I hadn’t intended to say much about my divorce in this space. This wasn’t so much because it is embarrassing or difficult or even especially private. But rather, I just find the whole subject to be intensely boring. There just didn’t seem to be much of interest to say.
There was one thing that caught my attention, however, that I do think merits discussion here. We got to the part of the process where we needed to tell people what was happening – they were going to start to see the physical manifestations of our separation and it seemed cruel not to let people know. And whenever I told someone what was going on, they had some version of the same response. It came from this really kind, empathetic place, but it always hit my ears funny. Almost everyone said that they were so sorry to hear of the failure of the marriage.
It’s this word – failure – that I want to interrogate a little. Why do we have this collective understanding that the only definition of success in a relationship that counts is that someone has to die before it ends? It seems absurd. I’ve seen couples who obviously hate each other nevertheless “succeed” by not divorcing. Meanwhile couples who had generative, loving relationships technically “fail” if they reach a point where the relationship no longer works.
In many ways, my marriage was my most successful relationship. Because of that relationship, I’ve had two incredible children who changed me in profound ways, I’ve found career opportunities that I might not otherwise have pursued, I met my best friend, I tried a zillion new activities that I might not otherwise have opted into, and I’ve learned how to be in better relationship with the people in my community. Counterfactuals are a tricky business, to be sure, but I truly believe that the circumstances of that marriage brought me to a place where I’m typing this out here now as part of a project that would have been unthinkable to the woman I would have been otherwise.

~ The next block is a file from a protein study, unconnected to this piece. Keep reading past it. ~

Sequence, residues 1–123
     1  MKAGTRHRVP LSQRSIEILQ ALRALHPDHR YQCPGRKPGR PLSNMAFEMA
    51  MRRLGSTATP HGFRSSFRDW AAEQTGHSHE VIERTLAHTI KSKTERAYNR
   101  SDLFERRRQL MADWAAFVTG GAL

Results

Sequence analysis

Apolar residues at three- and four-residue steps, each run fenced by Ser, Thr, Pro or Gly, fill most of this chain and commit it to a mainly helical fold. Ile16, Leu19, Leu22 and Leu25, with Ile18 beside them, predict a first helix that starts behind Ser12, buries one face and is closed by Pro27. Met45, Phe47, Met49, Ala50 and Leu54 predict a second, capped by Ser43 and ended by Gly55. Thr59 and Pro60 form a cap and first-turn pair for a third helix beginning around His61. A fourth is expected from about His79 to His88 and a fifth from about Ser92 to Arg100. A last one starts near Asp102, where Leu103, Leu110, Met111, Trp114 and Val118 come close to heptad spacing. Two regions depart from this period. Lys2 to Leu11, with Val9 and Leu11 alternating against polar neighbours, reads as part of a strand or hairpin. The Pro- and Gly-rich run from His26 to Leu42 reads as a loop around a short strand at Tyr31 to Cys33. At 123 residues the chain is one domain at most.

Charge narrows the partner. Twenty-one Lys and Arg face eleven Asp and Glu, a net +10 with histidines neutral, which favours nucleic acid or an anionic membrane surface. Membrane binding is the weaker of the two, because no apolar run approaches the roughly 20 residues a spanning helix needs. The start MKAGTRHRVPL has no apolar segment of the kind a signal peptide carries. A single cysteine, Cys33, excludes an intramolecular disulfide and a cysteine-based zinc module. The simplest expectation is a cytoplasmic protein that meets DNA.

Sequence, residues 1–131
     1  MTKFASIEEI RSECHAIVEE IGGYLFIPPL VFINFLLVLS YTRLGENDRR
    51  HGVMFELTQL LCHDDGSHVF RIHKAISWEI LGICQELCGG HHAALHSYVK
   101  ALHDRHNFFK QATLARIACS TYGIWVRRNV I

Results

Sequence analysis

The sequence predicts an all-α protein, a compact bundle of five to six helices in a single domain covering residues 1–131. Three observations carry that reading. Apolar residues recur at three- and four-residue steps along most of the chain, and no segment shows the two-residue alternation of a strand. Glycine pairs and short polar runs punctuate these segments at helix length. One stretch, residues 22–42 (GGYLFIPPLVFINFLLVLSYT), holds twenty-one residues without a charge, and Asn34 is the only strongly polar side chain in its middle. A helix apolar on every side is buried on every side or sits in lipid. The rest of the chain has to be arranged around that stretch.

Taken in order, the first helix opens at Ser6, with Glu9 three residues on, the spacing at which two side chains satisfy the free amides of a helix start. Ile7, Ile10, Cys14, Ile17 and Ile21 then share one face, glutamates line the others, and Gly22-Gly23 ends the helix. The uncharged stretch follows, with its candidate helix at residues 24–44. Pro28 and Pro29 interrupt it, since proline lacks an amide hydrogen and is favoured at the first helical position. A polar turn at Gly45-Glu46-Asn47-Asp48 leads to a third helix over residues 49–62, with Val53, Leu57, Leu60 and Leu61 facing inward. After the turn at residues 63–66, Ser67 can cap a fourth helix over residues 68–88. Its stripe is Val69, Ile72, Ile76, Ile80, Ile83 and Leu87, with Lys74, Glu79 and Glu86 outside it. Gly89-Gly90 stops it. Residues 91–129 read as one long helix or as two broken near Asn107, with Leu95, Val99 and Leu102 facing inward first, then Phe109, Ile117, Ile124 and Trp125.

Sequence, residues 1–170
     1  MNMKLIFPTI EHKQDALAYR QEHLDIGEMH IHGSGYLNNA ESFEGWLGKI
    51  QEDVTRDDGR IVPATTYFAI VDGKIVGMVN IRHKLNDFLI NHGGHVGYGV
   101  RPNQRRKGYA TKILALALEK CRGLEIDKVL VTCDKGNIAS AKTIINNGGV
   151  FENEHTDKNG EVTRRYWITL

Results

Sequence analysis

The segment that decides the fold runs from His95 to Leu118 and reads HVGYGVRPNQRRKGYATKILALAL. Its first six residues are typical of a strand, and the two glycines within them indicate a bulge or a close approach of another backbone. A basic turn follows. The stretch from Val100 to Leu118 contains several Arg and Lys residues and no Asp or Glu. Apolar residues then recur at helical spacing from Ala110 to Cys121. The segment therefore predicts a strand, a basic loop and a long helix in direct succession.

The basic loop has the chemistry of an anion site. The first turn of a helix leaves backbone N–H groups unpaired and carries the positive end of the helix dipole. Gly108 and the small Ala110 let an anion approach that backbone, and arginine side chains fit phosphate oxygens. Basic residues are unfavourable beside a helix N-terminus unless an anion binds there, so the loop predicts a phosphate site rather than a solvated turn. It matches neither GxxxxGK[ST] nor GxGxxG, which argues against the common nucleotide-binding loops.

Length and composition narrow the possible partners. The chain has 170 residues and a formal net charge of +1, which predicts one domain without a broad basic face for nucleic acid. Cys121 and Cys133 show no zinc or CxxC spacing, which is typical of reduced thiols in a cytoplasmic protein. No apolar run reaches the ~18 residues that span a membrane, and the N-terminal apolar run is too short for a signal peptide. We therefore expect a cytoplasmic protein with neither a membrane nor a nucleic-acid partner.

And all my relationships have been important, even the kind of shitty ones. It’s nearly impossible to imagine my personal growth without the people who I have loved. In fact, I learned some of the most important things about myself from my worst boyfriend. Yes, all those relationships ended, and seen through the lens of Jane Austen novels, they were failures. But if you shift the focus ever so slightly, away from endings, and toward the juicy middle bits, they suddenly look like important investments.
I have a lot of thoughts about the pressure that modern relationships are under – especially once children are in the mix. I am continually frustrated by the lack of interest and involvement from the older generations, the way our institutions set women up for impossible choices, the way our culture punishes men for doing female-coded work, the way economic forces have shifted in the last few generations, and the lack of structural support for parenthood. And to be sure, a lot of ink has been spilled by people far more qualified than me to speak on exactly how these forces shape current relationships. I only know that these issues were struggles for us, and definitely contributed to our current separation.
To the degree that we want to talk about failure, I think there’s plenty of blame to go around, both personal and social. But to the degree that we want to talk about growth, the struggles we faced in our marriage have informed a lot for me. Being in partnership has given me greater understanding both of my own expectations and patterns, and the ways I can be in community with others. By letting go of the dominant cultural narrative around love, I’m free to flip the script - to focus on the perspective, the meaning and the joy and to move on with gratitude.